Perhaps you’ve heard, but the Packers are a young team. Youth is at least one reason that this season has gone the way it has, even if it’s not always a satisfactory explanation. But even if youth is a problem, the much bigger issue is that the players who should be making up the core of this team haven’t grown into significant roles, and the ones who are getting snaps are playing badly.
It’s not a full explanation of the problem, but a look through the 2020 and 2021 draft classes shows how this phenomenon can play out.
Jordan Love is in a category of his own from the 2020 class and needs his own evaluation (please, will someone spend some time talking about Jordan Love?), but outside of Love, there’s little upside to be found in that draft year. Four of Brian Gutekunst’s 10 draft picks in 2020 are either functionally or actually out of football, including sixth-round guard Simon Stepaniak (injured when the Packers selected him), who never actually played a single snap of NFL football.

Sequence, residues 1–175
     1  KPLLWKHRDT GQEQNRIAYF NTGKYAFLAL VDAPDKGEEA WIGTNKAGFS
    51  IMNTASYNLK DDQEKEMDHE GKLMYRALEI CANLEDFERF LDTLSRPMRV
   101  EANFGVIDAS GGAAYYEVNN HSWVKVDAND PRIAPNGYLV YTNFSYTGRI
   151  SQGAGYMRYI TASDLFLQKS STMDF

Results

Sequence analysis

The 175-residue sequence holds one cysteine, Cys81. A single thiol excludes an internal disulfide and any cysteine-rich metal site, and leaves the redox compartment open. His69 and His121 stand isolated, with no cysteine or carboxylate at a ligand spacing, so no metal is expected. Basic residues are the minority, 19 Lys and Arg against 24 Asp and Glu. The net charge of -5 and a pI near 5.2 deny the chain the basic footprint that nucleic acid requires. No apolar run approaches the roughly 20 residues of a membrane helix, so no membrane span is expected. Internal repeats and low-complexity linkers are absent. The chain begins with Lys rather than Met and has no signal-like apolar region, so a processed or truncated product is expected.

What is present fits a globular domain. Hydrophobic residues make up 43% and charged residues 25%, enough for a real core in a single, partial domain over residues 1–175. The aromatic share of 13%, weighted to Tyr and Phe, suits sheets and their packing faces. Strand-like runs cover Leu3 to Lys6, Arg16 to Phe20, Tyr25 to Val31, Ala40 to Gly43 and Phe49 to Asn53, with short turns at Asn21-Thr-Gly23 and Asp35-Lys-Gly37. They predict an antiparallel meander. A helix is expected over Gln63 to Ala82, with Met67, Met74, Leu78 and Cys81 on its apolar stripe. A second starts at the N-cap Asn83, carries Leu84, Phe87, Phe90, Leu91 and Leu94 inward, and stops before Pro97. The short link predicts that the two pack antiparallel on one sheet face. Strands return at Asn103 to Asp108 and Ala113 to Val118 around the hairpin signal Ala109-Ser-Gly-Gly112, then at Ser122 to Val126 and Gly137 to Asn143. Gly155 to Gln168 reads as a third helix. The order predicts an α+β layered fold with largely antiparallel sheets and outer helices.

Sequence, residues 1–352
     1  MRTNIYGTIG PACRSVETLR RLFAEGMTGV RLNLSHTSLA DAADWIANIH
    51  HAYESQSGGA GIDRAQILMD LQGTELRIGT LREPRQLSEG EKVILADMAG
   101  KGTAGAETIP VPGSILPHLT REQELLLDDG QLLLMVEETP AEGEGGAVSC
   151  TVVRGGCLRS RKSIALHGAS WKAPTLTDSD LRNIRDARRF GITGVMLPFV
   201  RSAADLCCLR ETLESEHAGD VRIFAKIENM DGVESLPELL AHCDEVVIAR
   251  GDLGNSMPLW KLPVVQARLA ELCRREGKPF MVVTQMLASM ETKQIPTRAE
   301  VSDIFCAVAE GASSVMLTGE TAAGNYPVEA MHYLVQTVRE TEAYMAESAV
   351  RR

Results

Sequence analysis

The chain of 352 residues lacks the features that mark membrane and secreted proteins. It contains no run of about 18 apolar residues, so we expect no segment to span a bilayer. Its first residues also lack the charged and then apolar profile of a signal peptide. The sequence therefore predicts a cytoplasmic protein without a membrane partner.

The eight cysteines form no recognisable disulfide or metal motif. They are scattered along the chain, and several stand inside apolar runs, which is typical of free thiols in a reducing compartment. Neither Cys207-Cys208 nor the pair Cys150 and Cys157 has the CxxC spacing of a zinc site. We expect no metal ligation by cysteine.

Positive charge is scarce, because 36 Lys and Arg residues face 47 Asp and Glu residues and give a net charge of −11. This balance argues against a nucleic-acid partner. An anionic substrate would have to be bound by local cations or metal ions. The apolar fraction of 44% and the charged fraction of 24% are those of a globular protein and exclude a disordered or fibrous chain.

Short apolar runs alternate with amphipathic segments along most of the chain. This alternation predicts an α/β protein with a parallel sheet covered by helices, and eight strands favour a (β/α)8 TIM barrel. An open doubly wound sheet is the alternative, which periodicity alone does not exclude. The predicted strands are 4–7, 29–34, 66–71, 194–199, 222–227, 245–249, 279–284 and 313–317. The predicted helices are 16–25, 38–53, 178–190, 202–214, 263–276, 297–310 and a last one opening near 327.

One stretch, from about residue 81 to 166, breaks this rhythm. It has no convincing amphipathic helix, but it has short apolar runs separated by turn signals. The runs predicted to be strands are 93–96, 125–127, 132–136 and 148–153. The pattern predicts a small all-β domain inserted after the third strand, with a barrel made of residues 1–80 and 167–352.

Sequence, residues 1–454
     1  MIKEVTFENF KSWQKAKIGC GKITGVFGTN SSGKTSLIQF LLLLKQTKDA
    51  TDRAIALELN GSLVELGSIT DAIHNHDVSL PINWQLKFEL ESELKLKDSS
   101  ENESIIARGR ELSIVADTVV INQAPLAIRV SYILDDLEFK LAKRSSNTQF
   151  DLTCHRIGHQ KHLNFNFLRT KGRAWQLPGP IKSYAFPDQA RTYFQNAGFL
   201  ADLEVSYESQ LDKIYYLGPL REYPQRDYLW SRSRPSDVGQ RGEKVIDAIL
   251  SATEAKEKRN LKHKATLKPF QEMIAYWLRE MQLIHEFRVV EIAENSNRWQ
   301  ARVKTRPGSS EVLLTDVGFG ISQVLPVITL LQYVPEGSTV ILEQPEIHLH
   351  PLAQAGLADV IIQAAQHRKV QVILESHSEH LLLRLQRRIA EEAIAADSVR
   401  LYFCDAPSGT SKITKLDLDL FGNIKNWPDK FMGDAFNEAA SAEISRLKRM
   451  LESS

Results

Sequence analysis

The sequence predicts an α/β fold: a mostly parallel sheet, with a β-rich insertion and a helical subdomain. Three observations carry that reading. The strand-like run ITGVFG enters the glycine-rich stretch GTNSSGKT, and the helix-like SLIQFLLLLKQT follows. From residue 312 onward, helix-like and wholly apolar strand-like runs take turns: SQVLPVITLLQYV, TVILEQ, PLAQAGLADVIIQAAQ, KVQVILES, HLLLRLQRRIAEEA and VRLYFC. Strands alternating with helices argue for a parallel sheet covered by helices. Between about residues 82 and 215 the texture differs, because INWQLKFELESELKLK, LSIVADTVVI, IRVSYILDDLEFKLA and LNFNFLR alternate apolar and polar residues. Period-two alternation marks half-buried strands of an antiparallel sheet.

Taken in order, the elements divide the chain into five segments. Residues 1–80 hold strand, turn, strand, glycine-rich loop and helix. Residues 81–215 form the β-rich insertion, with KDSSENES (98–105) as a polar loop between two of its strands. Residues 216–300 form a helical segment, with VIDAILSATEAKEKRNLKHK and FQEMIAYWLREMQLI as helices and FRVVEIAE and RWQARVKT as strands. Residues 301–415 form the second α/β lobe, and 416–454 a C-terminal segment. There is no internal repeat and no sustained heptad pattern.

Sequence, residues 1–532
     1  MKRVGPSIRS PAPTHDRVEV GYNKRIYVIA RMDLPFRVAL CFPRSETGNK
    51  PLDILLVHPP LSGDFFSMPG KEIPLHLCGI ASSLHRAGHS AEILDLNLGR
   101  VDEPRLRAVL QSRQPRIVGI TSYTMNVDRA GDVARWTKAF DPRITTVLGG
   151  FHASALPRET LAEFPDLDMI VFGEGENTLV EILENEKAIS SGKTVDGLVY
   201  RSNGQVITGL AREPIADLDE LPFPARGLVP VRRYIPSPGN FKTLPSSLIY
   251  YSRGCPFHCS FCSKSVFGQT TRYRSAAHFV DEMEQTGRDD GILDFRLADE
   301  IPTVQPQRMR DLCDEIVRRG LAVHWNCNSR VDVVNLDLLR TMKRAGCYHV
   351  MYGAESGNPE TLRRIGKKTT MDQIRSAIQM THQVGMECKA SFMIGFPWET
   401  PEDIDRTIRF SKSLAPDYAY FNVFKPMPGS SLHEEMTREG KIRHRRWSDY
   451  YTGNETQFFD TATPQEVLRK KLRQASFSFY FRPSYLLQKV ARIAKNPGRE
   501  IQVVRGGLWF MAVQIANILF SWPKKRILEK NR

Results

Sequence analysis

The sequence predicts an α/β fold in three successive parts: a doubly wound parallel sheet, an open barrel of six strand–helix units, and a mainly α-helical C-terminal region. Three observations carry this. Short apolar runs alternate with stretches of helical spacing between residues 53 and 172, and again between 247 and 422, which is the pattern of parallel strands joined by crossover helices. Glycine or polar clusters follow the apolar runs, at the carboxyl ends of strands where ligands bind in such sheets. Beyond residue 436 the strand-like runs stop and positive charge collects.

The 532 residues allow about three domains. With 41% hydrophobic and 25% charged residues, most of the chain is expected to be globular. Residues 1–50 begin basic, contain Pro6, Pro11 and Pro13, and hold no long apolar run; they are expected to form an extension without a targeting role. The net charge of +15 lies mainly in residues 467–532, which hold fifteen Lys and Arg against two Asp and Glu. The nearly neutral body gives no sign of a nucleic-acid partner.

The rest of the class includes AJ Dillon, who’s averaging a career-low 3.1 yards per carry, Josiah Deguara, who was essentially benched in Week 8 and played just five snaps, and Jon Runyan, an available but otherwise underwhelming guard who currently ranks much closer to the bottom of Pro Football Focus’s run grades than the top. Jake Hanson, waived by the Packers in August, is still kicking about but has yet to catch on with another NFL team.
The 2021 class is arguably worse. Of Gutekunst’s nine picks, four have already been shown the door. Isaiah McDuffie and Royce Newman are rotational backups and special teamers. TJ Slaton is solid enough, but plays a pretty small role; there just aren’t many opportunities for a nose tackle in the 2023 NFL. Josh Myers has been the consistent subject of the position battle rumor mill since the Packers themselves started the conversation that his job was in jeopardy last spring. Eric Stokes lasted just five snaps in his return from a nearly year-long injury recovery.
It all adds up to a roster full of confused rookies bolstered by a crop of veterans who aren’t holding up their end of the bargain. People like Myers, Dillon, and Runyan should be cornerstones of the team by years three and four, not subjects of increasingly hostile job evaluations. Instead, the youngest players on the roster are forced to shoulder a much bigger burden, and they haven’t shown themselves to be up to the task so far.
But the rookies simply shouldn’t have to carry that kind of load, and if the Packers had done a better job building for the post-Aaron Rodgers era, the offense’s foundational talent might be in a better place.